An attorney from the public defender's office appointed to represent Dutschke declined to comment after Monday's hearing. Another attorney of Dutschke's, Lori Nail Basham, said she will continue to represent him in other matters but not in the federal case.
Dutschke's house, business and vehicles in Tupelo, Miss., were searched last week, often by crews in hazardous materials suits, and he had been under surveillance.
He faces up to life in prison if convicted. A news release from federal authorities said Dutschke was charged with "knowingly developing, producing, stockpiling, transferring, acquiring, retaining and possessing a biological agent, toxin and delivery system, for use as a weapon, to wit: ricin."
He already had legal problems. Earlier this month, he pleaded not guilty in state court to two child molestation charges involving three girls younger than 16, at least one of whom was a student at his martial arts studio. He also was appealing a conviction on a different charge of indecent exposure. He told The Associated Press last week that his lawyer told him not to comment on those cases.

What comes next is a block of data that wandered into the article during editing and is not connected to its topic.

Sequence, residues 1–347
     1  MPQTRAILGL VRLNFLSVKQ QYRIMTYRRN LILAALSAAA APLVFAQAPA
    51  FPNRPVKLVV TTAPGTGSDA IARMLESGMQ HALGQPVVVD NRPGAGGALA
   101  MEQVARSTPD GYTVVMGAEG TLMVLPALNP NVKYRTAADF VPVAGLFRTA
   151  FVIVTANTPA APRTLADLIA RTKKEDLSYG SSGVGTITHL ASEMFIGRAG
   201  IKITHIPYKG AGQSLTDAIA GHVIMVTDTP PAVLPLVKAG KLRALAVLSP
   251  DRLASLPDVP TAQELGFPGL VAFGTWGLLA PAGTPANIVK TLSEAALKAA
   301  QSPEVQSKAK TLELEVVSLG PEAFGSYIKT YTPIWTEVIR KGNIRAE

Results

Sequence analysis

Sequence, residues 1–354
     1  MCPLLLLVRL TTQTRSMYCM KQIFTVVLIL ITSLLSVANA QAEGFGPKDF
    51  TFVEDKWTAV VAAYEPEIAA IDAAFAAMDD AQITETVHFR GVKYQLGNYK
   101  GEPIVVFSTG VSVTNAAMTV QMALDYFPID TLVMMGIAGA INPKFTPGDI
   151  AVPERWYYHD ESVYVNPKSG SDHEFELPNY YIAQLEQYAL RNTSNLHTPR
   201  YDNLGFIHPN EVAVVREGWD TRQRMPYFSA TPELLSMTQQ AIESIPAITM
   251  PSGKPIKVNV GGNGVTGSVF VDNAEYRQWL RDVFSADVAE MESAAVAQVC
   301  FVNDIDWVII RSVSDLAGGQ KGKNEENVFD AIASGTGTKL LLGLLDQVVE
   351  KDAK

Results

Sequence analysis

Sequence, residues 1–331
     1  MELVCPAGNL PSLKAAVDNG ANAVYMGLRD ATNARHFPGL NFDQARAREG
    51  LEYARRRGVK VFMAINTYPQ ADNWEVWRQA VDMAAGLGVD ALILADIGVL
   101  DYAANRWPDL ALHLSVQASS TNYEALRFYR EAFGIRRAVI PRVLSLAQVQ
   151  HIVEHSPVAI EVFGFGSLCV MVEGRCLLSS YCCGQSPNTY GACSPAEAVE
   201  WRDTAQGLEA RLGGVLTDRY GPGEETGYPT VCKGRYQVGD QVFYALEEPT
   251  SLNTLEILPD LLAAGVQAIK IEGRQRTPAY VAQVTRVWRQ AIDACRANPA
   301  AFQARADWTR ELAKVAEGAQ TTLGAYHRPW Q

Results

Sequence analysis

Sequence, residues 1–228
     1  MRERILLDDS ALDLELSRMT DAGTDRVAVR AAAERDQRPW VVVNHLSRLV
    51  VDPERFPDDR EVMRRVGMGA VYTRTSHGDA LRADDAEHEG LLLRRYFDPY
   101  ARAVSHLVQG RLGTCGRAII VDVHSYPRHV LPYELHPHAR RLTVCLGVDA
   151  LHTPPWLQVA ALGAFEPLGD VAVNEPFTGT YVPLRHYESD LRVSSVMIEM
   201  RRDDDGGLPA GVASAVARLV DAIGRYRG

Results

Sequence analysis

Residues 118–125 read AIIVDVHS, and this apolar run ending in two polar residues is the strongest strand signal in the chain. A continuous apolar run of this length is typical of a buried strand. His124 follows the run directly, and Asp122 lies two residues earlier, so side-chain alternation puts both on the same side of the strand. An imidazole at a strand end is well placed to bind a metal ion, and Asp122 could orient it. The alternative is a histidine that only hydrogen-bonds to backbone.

Earlier in the week, as investigators searched his primary residence in Tupelo, Dutschke told the AP, "I don't know how much more of this I can take."
"I'm a patriotic American. I don't have any grudges against anybody. ... I did not send the letters," Dutschke said.
Dutschke and Curtis were acquainted. Curtis said they had talked about possibly publishing a book on a conspiracy that Curtis says he uncovered about the black-market sale of body parts. But he said they later had a feud.
Curtis's attorney Hal Neilson said the legal team gave authorities a list of people who may have had a reason to hurt Curtis and Dutschke's came up.